Māori have so much to bring to the NZ Inc table. Worth nearly $37 billion in 2010, the Māori economy is a commercial powerhouse within the New Zealand economy.
Overseas markets, and international visitors to New Zealand, are increasingly receptive to the cultural distinctiveness inherent in indigenous products and services. Māori goods and services are unique and it is the tikanga Māori aspects of those goods and services that make them unique. Not just in the design or the materials, but in the way we do business. We are in a new era of business and people today want to know the story behind their product – they want to know its whakapapa.
More and more of our Māori organisations are significant contributors to the New Zealand economy. Ngai Tahu is the South Island’s largest company and Treaty of Waitangi settlements continue to provide a platform for tribal and Māori led growth.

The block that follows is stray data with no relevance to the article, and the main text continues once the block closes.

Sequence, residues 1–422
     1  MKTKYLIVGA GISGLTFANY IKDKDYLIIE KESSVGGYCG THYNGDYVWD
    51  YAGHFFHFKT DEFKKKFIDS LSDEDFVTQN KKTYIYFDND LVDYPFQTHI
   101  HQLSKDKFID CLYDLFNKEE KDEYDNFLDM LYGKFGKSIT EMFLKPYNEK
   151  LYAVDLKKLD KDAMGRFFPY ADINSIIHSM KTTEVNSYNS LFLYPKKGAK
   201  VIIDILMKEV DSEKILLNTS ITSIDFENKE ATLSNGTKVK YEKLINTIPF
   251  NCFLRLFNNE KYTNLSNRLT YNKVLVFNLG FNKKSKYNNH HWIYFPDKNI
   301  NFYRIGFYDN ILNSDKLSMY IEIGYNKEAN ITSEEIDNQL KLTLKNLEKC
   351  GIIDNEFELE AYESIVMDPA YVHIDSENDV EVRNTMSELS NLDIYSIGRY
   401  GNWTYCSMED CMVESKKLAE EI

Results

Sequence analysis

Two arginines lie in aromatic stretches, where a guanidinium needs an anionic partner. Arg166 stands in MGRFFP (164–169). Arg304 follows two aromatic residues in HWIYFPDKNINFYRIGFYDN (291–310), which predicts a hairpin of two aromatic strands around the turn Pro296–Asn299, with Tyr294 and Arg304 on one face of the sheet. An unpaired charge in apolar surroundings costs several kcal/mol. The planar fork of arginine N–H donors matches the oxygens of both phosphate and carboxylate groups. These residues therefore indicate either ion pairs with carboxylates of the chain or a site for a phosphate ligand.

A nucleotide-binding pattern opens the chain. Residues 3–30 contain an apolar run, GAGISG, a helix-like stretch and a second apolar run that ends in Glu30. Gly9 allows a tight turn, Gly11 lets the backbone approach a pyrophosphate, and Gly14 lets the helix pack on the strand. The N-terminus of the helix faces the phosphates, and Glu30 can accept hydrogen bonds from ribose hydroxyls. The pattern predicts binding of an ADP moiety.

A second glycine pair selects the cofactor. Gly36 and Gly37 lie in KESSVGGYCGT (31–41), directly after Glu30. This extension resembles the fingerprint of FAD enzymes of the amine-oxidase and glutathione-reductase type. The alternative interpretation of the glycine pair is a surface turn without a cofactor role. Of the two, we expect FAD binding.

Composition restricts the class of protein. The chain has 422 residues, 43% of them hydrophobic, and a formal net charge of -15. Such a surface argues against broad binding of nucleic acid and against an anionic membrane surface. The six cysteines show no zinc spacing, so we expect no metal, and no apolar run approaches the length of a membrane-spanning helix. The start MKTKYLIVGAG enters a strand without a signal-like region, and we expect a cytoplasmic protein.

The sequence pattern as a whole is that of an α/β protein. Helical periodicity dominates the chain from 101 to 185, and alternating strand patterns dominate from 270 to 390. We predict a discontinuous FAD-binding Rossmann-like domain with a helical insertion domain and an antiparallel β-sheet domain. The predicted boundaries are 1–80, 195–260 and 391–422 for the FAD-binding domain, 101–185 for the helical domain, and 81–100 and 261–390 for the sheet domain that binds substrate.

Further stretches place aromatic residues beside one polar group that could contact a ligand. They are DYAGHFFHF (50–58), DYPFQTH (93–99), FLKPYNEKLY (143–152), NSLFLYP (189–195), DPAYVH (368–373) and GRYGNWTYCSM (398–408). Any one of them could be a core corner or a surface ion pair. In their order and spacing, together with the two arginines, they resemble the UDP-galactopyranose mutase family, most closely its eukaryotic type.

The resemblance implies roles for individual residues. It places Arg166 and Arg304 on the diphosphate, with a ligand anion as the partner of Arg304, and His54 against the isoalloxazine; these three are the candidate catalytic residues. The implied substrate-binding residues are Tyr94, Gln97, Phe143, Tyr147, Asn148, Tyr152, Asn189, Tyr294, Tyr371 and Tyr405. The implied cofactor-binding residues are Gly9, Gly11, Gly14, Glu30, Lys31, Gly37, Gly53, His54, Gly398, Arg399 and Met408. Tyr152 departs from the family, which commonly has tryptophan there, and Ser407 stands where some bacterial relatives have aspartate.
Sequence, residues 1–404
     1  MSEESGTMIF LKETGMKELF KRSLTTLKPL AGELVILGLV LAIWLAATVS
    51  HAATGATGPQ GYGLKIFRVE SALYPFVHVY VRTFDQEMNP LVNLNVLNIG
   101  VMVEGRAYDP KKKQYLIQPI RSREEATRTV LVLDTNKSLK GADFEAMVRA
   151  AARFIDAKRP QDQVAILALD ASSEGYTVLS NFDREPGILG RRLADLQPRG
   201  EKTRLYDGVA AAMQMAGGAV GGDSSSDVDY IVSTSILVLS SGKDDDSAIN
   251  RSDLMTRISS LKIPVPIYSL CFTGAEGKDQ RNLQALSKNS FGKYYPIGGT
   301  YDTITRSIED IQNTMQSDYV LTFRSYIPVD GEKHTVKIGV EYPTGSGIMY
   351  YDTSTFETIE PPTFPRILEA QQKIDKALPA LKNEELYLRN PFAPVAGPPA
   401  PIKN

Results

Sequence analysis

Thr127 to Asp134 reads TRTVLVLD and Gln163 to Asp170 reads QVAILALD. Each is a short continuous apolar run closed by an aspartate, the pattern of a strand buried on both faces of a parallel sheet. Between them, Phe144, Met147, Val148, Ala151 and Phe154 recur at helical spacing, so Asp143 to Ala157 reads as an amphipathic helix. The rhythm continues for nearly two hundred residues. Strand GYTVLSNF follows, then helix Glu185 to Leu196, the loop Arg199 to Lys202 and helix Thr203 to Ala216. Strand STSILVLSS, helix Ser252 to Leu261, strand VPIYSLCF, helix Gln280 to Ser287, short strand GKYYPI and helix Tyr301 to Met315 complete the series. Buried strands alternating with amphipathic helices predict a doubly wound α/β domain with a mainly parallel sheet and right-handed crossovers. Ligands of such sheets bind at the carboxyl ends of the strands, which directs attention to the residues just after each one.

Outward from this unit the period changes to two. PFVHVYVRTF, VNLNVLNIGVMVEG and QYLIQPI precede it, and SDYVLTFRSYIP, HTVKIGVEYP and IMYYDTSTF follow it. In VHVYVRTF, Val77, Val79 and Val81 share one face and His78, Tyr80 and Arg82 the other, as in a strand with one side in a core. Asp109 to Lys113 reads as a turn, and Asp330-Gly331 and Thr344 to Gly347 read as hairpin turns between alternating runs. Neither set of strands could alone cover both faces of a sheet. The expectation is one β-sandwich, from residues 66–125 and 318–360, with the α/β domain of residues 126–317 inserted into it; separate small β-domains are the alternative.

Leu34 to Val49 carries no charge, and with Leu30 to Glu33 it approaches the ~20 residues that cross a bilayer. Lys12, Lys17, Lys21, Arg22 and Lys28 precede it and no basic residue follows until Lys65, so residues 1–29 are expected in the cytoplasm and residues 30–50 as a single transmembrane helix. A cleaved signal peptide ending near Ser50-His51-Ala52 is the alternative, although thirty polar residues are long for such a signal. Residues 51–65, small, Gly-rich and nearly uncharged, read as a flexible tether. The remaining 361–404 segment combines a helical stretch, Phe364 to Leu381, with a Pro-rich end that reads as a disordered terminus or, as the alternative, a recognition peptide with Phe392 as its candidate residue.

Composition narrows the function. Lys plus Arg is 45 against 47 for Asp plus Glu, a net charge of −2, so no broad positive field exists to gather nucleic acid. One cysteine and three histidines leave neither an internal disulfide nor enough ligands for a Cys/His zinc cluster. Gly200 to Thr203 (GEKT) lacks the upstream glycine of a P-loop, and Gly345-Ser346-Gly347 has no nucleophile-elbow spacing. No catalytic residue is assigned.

Prudent investment and an intergenerational outlook have seen our tribes prosper even in the depths of the last recession. Traditionally focused on primary industry, our tribal businesses are increasingly looking to diversify portfolios: telecommunications; property; carbon forestry; digital technology; and of course, power generation.
Our businesses include partnerships with government, private companies and overseas investors. Māori businesses and entrepreneurs are working together both domestically and internationally on major economic initiatives.
Māori businesses nationwide were central to the official Rugby World Cup business club making up 15 per cent of participating companies. As a result, iwi and Māori business leaders brokered a series of business relationships with stakeholders including international investment companies, agricultural multinationals, African leaders and global airlines.
This business work took place throughout Aotearoa but there was also a need to ensure our tribes, businesses, artists and people had a place of mana on the Auckland waterfront during the biggest event this country has ever hosted. Not to do so would have been a huge, wasted opportunity.
Increasingly it is overseas tourists and business people that are validating just how important Māori culture is to New Zealand’s reputation internationally.
Not only is it important to have an NZ Inc approach to overseas markets, but we must also take the same approach here in Aotearoa.